When your tools rust, it doesn’t just make them look older. Rust can stop up hinges and gears, blunt blades, and weaken the metal. Knowing how to clean rusty tools the right way can be a huge money-saver.
Rust forms when metals like steel and iron are exposed to oxygen and moisture. The reddish-brown deposits we call rust are known scientifically as iron oxide and are the result of oxidation, a chemical change that’s occurred within the metal. The good news is oxidation is a relatively slow process, and you can often save the metal beneath the rust, salvaging the tool.
You can find commercial rust removers at your local home improvement or auto repair store. These products aren’t expensive, but if you’re looking for a more natural approach, there are several tried and true DIY approaches. Let’s go through the best rust removal strategies step by step. By the end of the article, you’ll know how to clean rusty garden tools, automotive tools, and everything in between.
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How to clean rusty tools: Step-by-step guide
The difficulty of rust removal depends on the size of the tool, the shape of the tool, and the extent of the rust. For lighter cases, you may not need to go through all of the steps before it’s gone. On the other hand, extremely bad rust may take multiple sessions to clear away completely.
What you’ll need:
- Steel wool
- Scouring pad
- Dish soap
- Clean rags
- Rubber gloves
- Commercial rust remover
Clean the rusted tools with warm, soapy water, then thoroughly rinse and dry them. This will remove any grease and dirt on the tool, letting you assess exactly how much rust you’re dealing with.
If the tool is comprised of multiple components, disassemble it as much as you can so you can clean each part individually. For bladed tools, like hedge clippers and scissors, separate the blades if possible to ensure you’re removing rust inside the pivot.
Scrub the rusted areas with steel wool. Steel wool pads with a built-in cleaner can be especially effective. You’ll likely want to wear gloves as you do this to protect your fingers. In some cases, a good scrubbing is all it will take to remove the rust. Even if it doesn’t, though, this initial scrub will start to break the rust away from the metal, making other treatments more effective.
Wipe the tool clean with a damp cloth, dry thoroughly, and assess. In some cases, a few passes with a scratch pad will clear away all the rust spots. If there’s still a lot of rust, continue to the next step.
Cover the affected area with a commercial rust remover. Some rust removers are designed to be applied directly to the tool, while others should be diluted with water before soaking the tools. Carefully read the instructions on the bottle before you start to make sure you’re doing it correctly. Most of these products use oxalic acid, which is highly corrosive, so you should always wear gloves and eye protection when using it. Also, be sure to use it in a well-ventilated area to avoid inhaling fumes, which can irritate your lungs and make you lightheaded.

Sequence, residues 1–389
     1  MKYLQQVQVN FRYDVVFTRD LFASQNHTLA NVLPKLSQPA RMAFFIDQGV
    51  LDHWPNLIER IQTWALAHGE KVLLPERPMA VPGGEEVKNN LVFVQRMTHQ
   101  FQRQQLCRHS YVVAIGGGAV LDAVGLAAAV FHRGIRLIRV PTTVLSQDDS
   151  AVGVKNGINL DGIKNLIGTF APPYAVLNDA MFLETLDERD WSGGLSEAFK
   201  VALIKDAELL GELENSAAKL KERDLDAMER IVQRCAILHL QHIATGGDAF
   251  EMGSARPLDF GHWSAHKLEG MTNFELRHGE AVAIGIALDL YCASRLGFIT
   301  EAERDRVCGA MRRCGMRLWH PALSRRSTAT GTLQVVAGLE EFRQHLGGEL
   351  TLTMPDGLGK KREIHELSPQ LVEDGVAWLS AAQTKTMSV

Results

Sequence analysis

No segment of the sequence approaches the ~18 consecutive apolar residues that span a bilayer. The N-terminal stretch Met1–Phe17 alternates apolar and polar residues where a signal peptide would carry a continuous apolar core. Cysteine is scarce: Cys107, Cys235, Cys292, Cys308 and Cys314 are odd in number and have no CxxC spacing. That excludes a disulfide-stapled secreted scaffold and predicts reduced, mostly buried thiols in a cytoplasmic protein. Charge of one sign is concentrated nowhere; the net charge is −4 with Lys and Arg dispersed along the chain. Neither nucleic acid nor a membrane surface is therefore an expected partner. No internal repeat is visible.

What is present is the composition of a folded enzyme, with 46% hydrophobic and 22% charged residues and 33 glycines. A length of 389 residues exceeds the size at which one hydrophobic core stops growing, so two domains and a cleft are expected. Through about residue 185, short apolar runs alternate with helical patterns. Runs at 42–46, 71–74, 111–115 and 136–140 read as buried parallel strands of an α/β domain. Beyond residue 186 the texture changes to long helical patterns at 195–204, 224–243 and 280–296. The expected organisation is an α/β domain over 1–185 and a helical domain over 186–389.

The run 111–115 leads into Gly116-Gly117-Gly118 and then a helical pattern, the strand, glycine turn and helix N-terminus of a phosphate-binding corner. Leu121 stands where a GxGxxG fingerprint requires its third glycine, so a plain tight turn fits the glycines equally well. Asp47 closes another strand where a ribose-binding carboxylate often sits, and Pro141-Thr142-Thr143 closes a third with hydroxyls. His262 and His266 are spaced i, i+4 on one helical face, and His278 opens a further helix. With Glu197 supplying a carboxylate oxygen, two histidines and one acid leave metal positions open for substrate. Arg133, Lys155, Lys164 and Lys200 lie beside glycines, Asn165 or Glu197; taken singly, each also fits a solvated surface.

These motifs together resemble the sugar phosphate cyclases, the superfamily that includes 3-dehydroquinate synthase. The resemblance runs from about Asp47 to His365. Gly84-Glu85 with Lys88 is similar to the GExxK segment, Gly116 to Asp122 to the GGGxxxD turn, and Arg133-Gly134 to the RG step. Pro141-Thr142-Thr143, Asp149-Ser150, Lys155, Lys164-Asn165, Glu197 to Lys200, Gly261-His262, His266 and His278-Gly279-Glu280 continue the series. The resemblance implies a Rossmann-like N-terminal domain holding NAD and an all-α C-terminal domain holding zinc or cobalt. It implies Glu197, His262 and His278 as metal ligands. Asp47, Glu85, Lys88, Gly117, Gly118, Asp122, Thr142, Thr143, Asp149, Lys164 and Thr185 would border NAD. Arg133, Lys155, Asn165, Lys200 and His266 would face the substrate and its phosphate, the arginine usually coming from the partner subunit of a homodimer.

Rinse the tool after the length of time specified on your cleaner. Commercial cleaners are highly effective and often work quite quickly. Dry the tool and assess whether it needs more treatment. The good news is, any rust that’s remaining has likely been weakened by the cleaner. It will often flake right off with another pass of scrubbing with steel wool.
If the rust still has not cleared by this point, the electrolysis method (described below) may be your only option.
Is there a way to remove rust from tools without scrubbing?
Most advice you see about rust removal starts by telling you to roll your sleeves up and get to scrubbing. While this is the cheapest approach, nobody wants to spend their weekend with a scrub brush.
There are also some tools where scrubbing just isn’t an option. It can be difficult figuring out how to clean rusty sockets, for example, since too much pressure can bend the metal, and the small size makes it hard to scrub. This is also a problem with tools that have deep crevices and other hard-to-reach areas.
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There are some methods that can reduce or eliminate the need for scrubbing:
Power tools. For most DIY activities, you can spare yourself the manual labor if you’re willing to shell out the extra bucks for a power tool—and removing rust is no exception. An electric drill with a wire wheel brush attachment can provide better abrasive power than any scouring pad. A Dremel tool or buffer could be similarly outfitted to serve as an auto-scrubber.
Citric acid. You can get citric acid in powder form since it’s often used in canning. Fill a bucket with water that’s very hot, then stir the citric acid into the water—about 1/3 cup per gallon of water. Once the powder has completely dissolved, place your rusty tool into the mix, and let it sit for about two hours. In many cases, the rust will wipe right off with a sponge or towel. Citric acid isn’t as corrosive as oxalic acid, but you should still use caution when working with it, especially if you have sensitive skin. Wear goggles to prevent any of the mixes that splash from getting into your eyes. For extracting the tool, you can wear gloves or use tongs to avoid touching the solution.
Electrolysis. This high-tech solution to rust removal can be very handy for removing rust from hard-to-scrub areas. Using electrolysis is actually relatively easy, though you will need to have a clamp-style battery charger to accomplish it.